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University of Nottingham unveils engineers’ role in Apollo landing

Air rockets and a gravity demonstration using a BMX bike, were all part of an interactive event staged by the University of Nottingham, celebrating the legacy of the Apollo moon landing and the role engineers played in its success.

© University of Nottingham

Hosted at the University of Nottingham’s Lakeside Arts, 'Apollo Legacy: How Engineers Landed People On The Moon' was attended by more than 150 adults and children who came along to learn all about the story of the lunar landing in a presentation delivered by Assistant Professor Jez Turner from the Faulty of Engineering. He said: “It’s almost exactly 54 years to the day since the Apollo moon landing took place, so what better time to shine a spotlight on the role engineers played and introduce this historic event to another generation.

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“The average age of those working in mission control back is 1969 was 26 and only one was female, as many of the ‘older’ engineers didn’t think it could be done.

"Something I’ve always been keen to communicate to people is that age really is just a number, so hopefully I sent some of the youngsters back home with inspiration that they can go on to achieve great things."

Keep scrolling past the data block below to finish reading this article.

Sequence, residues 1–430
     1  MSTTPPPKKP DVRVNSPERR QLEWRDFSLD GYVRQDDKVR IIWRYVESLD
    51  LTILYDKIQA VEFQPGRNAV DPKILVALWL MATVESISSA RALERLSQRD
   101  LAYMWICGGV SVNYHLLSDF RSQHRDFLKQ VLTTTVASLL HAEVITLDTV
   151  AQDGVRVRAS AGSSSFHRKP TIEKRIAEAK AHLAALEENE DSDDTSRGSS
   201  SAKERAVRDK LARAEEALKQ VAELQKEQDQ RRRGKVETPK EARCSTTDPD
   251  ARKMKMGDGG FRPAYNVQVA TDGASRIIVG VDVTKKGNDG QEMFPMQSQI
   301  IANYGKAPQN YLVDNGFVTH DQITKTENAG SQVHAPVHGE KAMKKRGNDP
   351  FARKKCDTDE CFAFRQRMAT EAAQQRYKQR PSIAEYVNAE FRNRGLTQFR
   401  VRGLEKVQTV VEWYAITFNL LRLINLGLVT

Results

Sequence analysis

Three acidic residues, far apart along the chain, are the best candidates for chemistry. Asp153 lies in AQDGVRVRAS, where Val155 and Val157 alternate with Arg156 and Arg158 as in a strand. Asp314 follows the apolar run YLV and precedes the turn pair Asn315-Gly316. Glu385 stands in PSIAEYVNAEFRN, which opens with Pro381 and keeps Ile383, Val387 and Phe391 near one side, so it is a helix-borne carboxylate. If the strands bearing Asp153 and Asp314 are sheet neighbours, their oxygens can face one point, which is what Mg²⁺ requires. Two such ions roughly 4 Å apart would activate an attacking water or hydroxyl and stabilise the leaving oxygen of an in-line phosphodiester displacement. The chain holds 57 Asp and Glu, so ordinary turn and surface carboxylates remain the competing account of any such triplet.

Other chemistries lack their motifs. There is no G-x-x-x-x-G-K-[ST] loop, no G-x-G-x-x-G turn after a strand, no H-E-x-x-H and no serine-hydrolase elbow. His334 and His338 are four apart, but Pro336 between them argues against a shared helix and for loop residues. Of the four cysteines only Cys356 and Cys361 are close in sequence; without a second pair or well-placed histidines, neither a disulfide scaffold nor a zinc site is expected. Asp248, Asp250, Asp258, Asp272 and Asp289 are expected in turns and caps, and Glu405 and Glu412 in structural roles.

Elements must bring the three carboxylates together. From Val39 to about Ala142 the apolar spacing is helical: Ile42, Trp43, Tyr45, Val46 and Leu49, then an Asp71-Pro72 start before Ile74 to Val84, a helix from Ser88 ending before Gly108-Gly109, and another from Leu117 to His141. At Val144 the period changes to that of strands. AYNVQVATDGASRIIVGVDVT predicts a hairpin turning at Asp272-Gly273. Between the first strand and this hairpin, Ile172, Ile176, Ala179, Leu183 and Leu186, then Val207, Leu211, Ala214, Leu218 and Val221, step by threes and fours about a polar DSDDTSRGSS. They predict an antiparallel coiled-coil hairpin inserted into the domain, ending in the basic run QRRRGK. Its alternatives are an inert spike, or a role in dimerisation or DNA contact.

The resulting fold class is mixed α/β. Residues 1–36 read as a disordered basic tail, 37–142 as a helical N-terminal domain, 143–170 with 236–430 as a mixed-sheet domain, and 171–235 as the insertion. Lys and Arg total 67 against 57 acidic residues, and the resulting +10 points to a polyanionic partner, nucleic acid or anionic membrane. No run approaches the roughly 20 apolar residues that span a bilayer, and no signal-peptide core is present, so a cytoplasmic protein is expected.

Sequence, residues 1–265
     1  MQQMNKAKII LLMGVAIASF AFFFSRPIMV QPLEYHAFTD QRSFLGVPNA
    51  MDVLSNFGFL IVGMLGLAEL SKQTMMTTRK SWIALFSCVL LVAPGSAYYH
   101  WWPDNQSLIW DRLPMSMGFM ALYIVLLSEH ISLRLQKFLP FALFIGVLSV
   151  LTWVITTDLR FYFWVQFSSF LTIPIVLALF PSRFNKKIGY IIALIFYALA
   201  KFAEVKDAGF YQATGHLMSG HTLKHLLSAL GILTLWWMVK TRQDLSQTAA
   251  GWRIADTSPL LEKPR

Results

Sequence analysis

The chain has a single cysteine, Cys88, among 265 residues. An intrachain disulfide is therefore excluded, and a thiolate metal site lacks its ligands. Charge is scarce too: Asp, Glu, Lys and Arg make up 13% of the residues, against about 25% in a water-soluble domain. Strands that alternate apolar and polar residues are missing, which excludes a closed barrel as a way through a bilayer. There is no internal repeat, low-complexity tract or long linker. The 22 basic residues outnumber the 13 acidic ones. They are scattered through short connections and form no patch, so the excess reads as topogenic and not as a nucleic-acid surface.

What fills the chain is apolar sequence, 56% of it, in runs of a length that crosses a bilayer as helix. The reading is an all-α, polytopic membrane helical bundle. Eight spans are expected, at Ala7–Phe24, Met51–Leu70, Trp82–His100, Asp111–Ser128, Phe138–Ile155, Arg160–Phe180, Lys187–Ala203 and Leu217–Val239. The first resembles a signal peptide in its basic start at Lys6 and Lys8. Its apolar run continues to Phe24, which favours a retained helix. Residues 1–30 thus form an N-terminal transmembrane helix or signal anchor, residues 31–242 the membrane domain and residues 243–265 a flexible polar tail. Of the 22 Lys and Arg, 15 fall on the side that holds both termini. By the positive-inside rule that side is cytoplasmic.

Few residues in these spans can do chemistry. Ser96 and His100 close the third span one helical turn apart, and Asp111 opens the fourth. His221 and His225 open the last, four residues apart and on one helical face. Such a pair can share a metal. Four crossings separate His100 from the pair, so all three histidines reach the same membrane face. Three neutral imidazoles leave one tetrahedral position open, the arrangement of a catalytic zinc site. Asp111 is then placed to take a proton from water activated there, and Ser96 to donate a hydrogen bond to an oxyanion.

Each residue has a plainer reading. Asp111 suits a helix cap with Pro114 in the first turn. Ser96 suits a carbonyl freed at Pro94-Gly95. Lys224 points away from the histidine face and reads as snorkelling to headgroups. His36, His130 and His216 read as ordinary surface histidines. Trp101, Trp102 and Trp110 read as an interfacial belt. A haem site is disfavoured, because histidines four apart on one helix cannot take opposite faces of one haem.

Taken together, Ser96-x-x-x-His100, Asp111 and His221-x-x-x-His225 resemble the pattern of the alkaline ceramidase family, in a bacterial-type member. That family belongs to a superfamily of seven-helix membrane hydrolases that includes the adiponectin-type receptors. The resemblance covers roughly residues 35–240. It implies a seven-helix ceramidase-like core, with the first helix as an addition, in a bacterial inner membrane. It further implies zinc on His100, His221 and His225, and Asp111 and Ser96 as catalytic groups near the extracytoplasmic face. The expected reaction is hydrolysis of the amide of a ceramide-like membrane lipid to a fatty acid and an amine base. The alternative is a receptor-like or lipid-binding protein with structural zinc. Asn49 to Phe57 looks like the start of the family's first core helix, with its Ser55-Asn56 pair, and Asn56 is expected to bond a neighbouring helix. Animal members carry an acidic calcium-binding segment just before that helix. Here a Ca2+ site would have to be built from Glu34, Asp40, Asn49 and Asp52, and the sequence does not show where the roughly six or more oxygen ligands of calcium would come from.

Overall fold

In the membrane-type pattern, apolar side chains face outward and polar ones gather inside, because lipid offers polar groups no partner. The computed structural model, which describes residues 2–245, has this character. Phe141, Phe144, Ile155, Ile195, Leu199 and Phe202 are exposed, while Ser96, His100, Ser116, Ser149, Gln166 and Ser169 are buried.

In addition to the presentation, where Jez demonstrated the effects of gravity using his BMX, there were several other activities on offer for children to enjoy, including the opportunity to dress up as an astronaut, shoot an air rocket and touch real meteorites.

James Parkinson, Interim CEO at Lakeside Arts, said: “There’s no doubt that this event was incredibly well received by adults and children alike, and it was fantastic to see so many young people getting stuck into the activities and enjoying Jez’s lecture. Events like these are crucial when it comes to engaging younger people in topics that they might otherwise not get to experience. Who knows, we may have just played host to the astronauts and space engineers of the future.”

The entire venue was transformed into outer space for the day and all children received space-themed activity packs or goodie bags for attending.

Amy, aged 10, said: “I loved it! I really enjoyed learning about how brave the astronauts were who first landed on the moon, but my favourite part was the moon rocks.”


 
The event formed part of the University’s public engagement activities, focusing on supporting Nottingham’s journey to be recognised as a UNICEF child friendly city by making academic research accessible to all ages.

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Made up of six departments – Architecture and Built Environment, Chemical and Environmental Engineering, Civil Engineering, Electrical and Electronic Engineering, Mechanical, Materials and Manufacturing Engineering and Foundation Engineering and Physical Sciences – the university’s Faculty of Engineering is home to more than 5,600 students and 800 staff.

 

 

 

 

 


 

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